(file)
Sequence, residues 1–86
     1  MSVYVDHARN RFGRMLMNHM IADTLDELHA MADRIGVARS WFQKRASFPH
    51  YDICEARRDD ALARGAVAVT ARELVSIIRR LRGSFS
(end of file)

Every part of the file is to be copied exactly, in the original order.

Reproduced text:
Sequence, residues 1–86
     1  MSVYVDHARN RFGRMLMNHM IADTLDELHA MADRIGVARS WFQKRASFPH
    51  YDICEARRDD ALARGAVAVT ARELVSIIRR LRGSFS